The 2012 election year poses a difficult decision for Republican
presidential candidate Mitt Romney. Should his campaign take on Obama’s
failures by running a single-issue campaign on jobs? Or should he go bold, take
on entitlement reforms and campaign on a holistic plan that offers a new vision
That decision is not so simple, says Stephen Hayes, who
spoke at the Illinois Policy Institute’s Liberty Speaker Series this week. Most
Republican consultants are advising Romney and congressional candidates to keep
their message simple and to steer away from potentially lethal discussions on
Hayes, the Weekly Standard columnist and Fox News
panelist, disagrees with that advice. Instead, he thinks Republican candidates
should go big, go bold, and win on ideas.
After all, fixing the economy does nothing to alter the
crippling and mounting debt that entitlement programs create. And Americans
know this. The more that people can understand these problems, the more likely
they’ll want to fix them.
Fortunately, we’ve been given evidence that a bold
approach and big ideas can work:
Gov. Walker in Wisconsin took on the unions and
collective bargaining to flip a $3.6 billion budget deficit into a small surplus.
Not only that, but he convincingly won a recall election by standing firm on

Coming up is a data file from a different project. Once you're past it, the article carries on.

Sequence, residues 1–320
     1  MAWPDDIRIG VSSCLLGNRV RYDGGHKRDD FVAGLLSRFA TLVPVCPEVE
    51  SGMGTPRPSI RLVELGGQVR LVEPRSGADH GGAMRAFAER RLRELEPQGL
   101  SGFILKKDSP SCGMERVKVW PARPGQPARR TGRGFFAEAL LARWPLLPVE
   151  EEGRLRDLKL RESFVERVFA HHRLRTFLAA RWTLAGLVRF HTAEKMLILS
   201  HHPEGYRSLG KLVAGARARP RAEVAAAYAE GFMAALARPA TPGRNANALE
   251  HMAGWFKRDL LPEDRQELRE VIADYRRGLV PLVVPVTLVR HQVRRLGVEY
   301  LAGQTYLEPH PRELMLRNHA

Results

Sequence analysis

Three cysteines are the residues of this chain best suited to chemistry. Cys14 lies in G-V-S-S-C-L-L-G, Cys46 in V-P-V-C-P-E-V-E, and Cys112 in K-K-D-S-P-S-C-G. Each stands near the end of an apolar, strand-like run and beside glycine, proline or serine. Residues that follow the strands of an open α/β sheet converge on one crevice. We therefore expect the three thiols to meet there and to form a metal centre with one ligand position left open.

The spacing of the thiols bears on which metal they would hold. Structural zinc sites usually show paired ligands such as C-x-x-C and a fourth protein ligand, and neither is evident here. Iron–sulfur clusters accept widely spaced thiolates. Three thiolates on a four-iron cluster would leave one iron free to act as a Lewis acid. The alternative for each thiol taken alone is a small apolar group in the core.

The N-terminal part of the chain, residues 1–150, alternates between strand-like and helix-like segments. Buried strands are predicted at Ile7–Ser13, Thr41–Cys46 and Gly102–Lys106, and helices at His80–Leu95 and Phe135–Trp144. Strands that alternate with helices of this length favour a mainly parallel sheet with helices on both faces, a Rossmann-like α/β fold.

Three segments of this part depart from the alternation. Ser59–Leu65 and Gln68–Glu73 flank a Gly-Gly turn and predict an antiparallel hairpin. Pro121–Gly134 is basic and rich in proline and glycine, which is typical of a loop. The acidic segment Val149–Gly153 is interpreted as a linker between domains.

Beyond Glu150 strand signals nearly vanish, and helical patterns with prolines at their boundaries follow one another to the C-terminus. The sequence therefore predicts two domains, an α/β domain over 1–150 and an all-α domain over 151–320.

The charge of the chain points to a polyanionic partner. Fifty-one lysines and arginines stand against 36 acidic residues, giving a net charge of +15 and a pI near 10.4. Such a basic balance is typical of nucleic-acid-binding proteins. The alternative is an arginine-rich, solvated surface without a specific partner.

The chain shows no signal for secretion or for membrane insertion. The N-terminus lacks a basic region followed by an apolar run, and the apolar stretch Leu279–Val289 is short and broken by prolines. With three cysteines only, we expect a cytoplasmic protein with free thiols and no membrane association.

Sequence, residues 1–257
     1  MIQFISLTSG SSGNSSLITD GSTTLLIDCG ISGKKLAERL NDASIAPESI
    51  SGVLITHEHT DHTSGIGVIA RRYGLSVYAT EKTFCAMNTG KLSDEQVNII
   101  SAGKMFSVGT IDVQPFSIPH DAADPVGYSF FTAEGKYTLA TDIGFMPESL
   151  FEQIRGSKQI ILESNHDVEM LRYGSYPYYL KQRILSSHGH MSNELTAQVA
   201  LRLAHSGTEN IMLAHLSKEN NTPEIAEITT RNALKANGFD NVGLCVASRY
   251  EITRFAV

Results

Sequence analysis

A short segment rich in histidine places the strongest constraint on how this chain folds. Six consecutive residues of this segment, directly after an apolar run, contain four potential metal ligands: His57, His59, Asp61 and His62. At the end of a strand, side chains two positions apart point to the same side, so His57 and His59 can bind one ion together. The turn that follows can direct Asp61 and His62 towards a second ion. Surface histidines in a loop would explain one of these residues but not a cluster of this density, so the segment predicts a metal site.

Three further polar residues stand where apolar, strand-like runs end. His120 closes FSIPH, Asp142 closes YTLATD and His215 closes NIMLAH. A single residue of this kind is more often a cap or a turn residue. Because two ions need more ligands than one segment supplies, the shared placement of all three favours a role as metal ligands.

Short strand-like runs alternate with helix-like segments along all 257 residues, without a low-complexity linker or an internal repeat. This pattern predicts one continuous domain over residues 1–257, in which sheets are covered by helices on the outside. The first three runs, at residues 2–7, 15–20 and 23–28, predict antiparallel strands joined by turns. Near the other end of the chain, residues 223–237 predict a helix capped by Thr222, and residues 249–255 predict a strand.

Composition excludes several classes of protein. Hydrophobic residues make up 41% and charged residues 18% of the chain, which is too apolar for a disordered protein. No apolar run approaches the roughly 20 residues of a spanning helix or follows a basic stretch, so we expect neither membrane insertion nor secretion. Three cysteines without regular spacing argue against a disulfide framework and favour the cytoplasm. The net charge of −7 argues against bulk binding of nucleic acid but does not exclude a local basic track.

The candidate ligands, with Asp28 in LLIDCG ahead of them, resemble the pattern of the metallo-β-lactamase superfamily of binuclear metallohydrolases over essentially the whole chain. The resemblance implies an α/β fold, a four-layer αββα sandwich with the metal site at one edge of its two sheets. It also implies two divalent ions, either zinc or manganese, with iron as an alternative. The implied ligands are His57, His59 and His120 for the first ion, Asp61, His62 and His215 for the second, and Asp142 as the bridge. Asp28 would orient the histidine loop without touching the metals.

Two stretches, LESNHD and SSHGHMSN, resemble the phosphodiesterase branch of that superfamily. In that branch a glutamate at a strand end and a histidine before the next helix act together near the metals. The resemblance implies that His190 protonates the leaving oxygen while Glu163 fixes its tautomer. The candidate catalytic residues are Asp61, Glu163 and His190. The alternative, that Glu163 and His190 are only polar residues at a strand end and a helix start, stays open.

Marco Rubio made entitlement reforms an issue, in Florida
no less. He won despite the barrage of attacks on his reform ideas.
And Rep. Paul Ryan’s strict budget plan was used successfully
by several candidates in 2010 that chose his platform and entitlement reforms over
less ambitious plans.
Yes, it’s possible to be bold and win.
Can that strategy work in Illinois? Can good policy be
Illinoisan’s are eager to learn about pension,
health care and budget reforms. They’re not happy with where
this great state is headed. That means Illinois Republicans and Democrats alike
have an opportunity to offer real reforms – and win elections at the same time!
Sooner or later, it’s going to be Illinois’ turn for big
ideas. We’re just waiting for real leaders to step forward.